Objectives: To investigate in vivo fitness of rifampicin-resistant Staphylococcus aureus mutants in a mouse biofilm model using bioluminescence imaging.
Materials and methods: S. aureus was engineered with a luciferase operon to emit bioluminescence that can be detected in vivo using an IVIS imaging system. Two rifampicin-resistant strains of S. aureus that were previously isolated from animals undergoing rifampicin treatment, S464P (resistant to low concentrations of rifampicin) and H481Y (resistant to high concentrations of rifampicin), were characterized and then compared with their parental strain for in vivo fitness to form biofilm infections in the absence of rifampicin.
Results: The mutant S464P showed better adaptation to in vivo growth than either the parental strain or H481Y without selective pressure. Six days after implanting pre-colonized catheters, bioluminescent signals were seen from 100% of the catheters coated by the mutant S464P. In comparison, only 83% and 61% of the catheters coated by the parental strain and H481Y, respectively, maintained a signal in vivo. Rifampicin treatment of S464P biofilms in vivo resulted in a slight decline, but earlier rebound in bioluminescence from these catheters compared with the parental signal, whereas rifampicin had no affect on bioluminescence in mice infected with mutant H481Y.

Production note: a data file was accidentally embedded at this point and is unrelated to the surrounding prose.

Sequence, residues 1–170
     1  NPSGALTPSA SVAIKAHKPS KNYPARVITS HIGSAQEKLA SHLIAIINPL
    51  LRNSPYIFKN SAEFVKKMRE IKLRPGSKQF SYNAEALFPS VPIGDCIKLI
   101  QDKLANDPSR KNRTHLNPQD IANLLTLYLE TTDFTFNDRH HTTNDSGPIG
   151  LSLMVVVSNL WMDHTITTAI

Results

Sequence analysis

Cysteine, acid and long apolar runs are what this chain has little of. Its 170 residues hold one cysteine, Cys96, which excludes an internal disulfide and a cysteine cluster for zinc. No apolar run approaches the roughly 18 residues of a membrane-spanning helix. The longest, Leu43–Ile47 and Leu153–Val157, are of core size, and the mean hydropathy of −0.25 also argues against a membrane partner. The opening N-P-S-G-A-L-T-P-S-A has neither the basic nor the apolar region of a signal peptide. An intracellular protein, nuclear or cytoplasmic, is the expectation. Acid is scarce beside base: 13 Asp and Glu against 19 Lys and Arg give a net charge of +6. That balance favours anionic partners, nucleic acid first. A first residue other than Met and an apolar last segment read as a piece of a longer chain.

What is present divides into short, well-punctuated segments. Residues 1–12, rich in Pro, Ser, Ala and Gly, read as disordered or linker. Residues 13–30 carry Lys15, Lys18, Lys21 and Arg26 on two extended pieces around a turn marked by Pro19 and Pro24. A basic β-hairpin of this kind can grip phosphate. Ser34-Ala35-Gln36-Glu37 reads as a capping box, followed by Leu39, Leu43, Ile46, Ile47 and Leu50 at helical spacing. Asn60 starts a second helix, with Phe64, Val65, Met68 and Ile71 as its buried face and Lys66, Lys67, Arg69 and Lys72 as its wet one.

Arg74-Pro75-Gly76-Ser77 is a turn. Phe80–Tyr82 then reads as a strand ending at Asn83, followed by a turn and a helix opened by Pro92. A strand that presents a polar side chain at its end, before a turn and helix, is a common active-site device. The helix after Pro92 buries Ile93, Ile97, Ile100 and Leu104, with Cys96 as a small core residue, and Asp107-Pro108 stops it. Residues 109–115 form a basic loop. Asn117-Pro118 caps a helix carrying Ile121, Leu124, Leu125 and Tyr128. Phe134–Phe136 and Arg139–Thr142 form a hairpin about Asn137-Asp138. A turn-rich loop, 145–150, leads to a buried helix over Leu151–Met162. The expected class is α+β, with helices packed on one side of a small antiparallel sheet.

Conclusions: The mutant with low-level rifampicin resistance appears to be better adapted to in vivo growth than the mutant that has high-level rifampicin resistance. Moreover, the former mutant may actually have a slight competitive advantage over the rifampicin-susceptible strain (parental), raising awareness for the occurrence of such strains in clinical environments.